Yesterday Environment Minister Rebecca Pow met Professor Hammond, former professor at University College London and visiting scientist at the UK Centre for Ecology and Hydrology until December last year.
This meeting, referenced earlier this week in the Guardian, followed a request from the Minister who wanted to hear more about Professor Hammond’s work on storm overflows, water company discharges and how technology can help identify issues and improve reporting and planning.
They spoke about Professor Hammond’s research, which includes looking at where wastewater treatment works may not be treating the flows required by permits governing discharges to watercourses. It also looks at how ‘machine learning’ algorithms detect when unpermitted discharges could have happened in the past.
Minister Pow spoke about the new legislative commitments on storm overflows and the £143m of new, additional investment on storm overflows within the current 5-year business planning period (2020-2025) as part of the recent Green Recovery Fund.
Following the meeting, Environment Minister Rebecca Pow said:
Improving water quality is a major priority for me, which is why I set up the Storm Overflows Taskforce last summer and have continued to push for change on this issue.
I am pleased that Environment Agency colleagues are already engaging with Professor Hammond on his detailed research. I would encourage water companies to do the same to improve transparency on this issue and identify where improvements need to be made.
Professor Hammond said:
Discharges of untreated sewage damage river ecology and are the major source of microplastics in riverbeds. My first priority is to identify where discharges breach permits without detection. A second priority is to encourage campaigners, the Environment Agency and water companies to identify polluted watercourses, improve compliance and address inadequate treatment.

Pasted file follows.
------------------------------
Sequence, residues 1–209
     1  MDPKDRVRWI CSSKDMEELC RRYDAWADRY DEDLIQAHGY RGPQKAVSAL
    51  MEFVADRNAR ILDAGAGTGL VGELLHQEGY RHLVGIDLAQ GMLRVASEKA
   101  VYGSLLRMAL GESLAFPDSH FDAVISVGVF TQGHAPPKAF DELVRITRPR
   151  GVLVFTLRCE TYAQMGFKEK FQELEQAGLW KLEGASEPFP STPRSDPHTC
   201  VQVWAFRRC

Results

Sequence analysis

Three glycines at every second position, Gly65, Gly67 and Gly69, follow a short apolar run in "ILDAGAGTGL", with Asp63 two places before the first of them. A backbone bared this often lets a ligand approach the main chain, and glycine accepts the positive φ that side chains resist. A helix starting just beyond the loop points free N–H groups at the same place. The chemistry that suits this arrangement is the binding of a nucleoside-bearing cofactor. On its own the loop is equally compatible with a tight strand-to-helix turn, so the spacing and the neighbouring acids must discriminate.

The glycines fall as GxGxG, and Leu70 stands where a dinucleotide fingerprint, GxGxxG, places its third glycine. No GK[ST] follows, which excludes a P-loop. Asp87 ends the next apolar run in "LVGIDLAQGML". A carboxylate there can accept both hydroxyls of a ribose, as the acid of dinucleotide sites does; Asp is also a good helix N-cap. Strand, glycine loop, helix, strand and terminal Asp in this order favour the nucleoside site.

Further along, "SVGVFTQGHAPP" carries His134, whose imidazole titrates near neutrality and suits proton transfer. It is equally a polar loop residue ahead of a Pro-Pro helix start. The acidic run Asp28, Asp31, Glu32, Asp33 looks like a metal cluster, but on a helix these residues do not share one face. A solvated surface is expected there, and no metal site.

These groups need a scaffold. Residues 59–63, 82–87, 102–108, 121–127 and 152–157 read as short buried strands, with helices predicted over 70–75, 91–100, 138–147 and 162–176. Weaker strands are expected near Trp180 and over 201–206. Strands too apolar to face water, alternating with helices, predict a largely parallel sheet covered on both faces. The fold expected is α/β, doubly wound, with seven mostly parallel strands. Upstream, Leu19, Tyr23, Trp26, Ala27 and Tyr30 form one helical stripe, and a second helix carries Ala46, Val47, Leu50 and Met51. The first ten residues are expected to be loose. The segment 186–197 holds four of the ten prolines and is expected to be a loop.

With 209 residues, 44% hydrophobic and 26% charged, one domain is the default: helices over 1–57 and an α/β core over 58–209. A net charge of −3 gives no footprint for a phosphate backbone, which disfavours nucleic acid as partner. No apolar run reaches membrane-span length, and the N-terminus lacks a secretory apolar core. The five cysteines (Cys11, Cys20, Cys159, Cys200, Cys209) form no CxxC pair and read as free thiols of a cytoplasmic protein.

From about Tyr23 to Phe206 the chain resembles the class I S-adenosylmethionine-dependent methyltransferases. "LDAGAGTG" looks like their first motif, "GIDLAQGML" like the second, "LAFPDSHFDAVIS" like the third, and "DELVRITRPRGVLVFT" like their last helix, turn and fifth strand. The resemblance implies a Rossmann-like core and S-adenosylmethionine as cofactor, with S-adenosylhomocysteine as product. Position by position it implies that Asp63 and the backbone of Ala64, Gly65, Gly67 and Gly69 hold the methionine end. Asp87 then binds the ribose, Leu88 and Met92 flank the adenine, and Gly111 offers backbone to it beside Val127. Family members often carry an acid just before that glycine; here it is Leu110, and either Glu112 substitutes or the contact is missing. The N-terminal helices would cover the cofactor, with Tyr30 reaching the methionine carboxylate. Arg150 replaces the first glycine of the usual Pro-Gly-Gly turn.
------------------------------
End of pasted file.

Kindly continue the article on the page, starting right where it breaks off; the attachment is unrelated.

I am pleased that Environment Minister Pow recognises the urgency of the situation and the need to adopt more contemporary analytical approaches.
Comment by MICHAEL HEYLIN posted on
Tell Ofwat to permit the Watercos investment plans for any real improvement in the sewage system. Ofwat is the problem, look at AMP 3, 4 and 5 to see what it has rejected in the past, at the behest of Ministers!
Comment by John W. Baxter posted on
I am quite sure that if the pumping capacities of many pumping stations and the capacity of many of the receiving treatment works were to be assessed they would fall woefully short of the required capacities required to reduce the use of combined sewer overflows to receiving watercourses.
Increased treatment capacities of these works would help alleviate the scandalous long term discharges that EA has permitted water companies to carry on dumping into our watercourses with increased frequency.
This cannot be good for our aquatic environment that has to tolerate so much abuse without the added so loading. It is surely time up.